Sunday brunch at Midtown Oyster Bar is simple. Its new Sunday service, which launched August 21, blends the eatery's seafood staples with brunch-inspired favorites.
If you're wondering what that means, think Benedicts. The menu, which features only six dishes, offers three Benedicts ($13 to $18), which means if the sloppy-egg-and-hollandaise fusion isn't something you fancy, look elsewhere.
"Our guests have requested for a while now that we offer a seafood-focused brunch," says Nicola Abbate, general manager of Midtown Oyster Bar, "but we also wanted to create a simple menu that features the ingredients we source."
With that combination, diners can choose salmon, crab, or lobster stuffed between a gooey egg and crunchy English muffin.
"When you think brunch, most people think eggs Benedict," he adds. "It’s a very versatile dish. It's also another opportunity to showcase our fresh seafood."
Of the options, salmon is the most traditional. Thick slices of Norwegian smoked salmon are plated next to two warm English muffin halves, which boast crisp exteriors. Two small poached eggs are placed on top, cooked just enough to keep a majority of the yolk in a more liquid than solid form. Prepare to get messy — the mixture of yolk and hollandaise sauce makes for a creamy and velvety combo.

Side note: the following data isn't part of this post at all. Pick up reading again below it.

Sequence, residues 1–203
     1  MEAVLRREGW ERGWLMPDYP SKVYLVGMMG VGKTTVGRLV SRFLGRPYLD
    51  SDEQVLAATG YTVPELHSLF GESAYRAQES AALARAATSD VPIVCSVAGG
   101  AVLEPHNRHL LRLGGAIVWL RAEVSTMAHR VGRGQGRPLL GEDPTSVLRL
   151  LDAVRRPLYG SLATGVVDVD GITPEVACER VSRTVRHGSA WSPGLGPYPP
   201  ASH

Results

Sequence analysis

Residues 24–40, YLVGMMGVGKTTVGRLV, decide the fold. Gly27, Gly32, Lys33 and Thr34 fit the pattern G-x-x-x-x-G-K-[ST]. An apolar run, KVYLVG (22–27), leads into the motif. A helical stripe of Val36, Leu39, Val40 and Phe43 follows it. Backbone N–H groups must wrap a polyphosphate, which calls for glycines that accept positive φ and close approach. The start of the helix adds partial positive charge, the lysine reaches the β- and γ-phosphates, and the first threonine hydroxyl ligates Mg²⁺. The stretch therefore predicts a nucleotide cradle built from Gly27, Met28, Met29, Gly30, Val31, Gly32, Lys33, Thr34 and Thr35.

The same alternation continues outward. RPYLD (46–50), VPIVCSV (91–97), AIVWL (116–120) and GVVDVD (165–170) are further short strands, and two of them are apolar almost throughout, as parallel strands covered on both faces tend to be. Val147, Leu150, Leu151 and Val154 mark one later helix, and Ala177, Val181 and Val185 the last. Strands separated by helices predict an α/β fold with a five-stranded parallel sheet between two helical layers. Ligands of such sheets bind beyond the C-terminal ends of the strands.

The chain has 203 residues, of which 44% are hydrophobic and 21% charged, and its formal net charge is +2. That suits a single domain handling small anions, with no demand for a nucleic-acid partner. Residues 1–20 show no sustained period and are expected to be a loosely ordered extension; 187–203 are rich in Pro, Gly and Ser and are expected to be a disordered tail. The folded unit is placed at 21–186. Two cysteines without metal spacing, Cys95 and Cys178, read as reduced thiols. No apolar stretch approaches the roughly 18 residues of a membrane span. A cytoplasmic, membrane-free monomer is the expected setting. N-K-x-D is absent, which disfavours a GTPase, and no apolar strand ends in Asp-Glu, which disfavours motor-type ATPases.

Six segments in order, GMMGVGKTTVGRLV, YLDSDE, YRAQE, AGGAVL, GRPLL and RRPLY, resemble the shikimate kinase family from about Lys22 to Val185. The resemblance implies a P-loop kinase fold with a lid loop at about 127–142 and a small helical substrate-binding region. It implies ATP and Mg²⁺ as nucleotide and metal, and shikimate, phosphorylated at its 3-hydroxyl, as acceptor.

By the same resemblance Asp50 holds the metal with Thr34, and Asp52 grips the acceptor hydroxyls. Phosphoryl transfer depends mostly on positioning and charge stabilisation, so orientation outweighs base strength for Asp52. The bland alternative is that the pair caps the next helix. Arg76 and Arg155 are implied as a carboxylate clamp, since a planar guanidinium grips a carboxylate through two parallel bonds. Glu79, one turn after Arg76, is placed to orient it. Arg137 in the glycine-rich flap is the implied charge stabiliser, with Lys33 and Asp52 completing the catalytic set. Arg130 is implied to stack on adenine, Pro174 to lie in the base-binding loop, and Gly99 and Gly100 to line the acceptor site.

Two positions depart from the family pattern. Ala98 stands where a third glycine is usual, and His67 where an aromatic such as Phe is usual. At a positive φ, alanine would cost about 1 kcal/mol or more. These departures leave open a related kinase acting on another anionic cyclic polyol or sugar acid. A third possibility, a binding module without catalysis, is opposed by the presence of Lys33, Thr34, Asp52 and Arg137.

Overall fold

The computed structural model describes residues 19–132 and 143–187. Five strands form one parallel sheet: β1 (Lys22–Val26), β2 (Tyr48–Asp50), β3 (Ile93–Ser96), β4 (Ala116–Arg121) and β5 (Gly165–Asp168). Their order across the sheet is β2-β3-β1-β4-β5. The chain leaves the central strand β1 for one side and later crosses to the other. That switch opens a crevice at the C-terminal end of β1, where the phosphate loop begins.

According to Abbate, keeping the menu small makes it easier to serve fresh ingredients in a consistent and tasty way, she says. That explains the other two Benedicts on the menu, which swap salmon for other cuts of seafood.
If Benedicts aren't your thing, there are also scrambled eggs. It packs mushrooms, tomatoes, spinach, and smoked bacon into an egg dish.
For something sweet, choose between one of only two remaining menu items: a Belgian waffle ($10) or a fruit salad blended with Greek yogurt and granola ($9). If you're on a health binge, the choice is obvious. If not, opt for the waffle. It arrives topped with a sizable scoop of vanilla ice cream, studded with fruit, and drizzled with maple syrup.
Make brunch boozy with bottomless mimosas or sparkling rosé for $25 extra.
Brunch runs from noon to 4 p.m. every Sunday. For more information, visit midtownoysterbar.com.
Keep Miami New Times Free... Since we started Miami New Times, it has been defined as the free, independent voice of Miami, and we would like to keep it that way. Offering our readers free access to incisive coverage of local news, food and culture. Producing stories on everything from political scandals to the hottest new bands, with gutsy reporting, stylish writing, and staffers who've won everything from the Society of Professional Journalists' Sigma Delta Chi feature-writing award to the Casey Medal for Meritorious Journalism. But with local journalism's existence under siege and advertising revenue setbacks having a larger impact, it is important now more than ever for us to rally support behind funding our local journalism. You can help by participating in our "I Support" membership program, allowing us to keep covering Miami with no paywalls.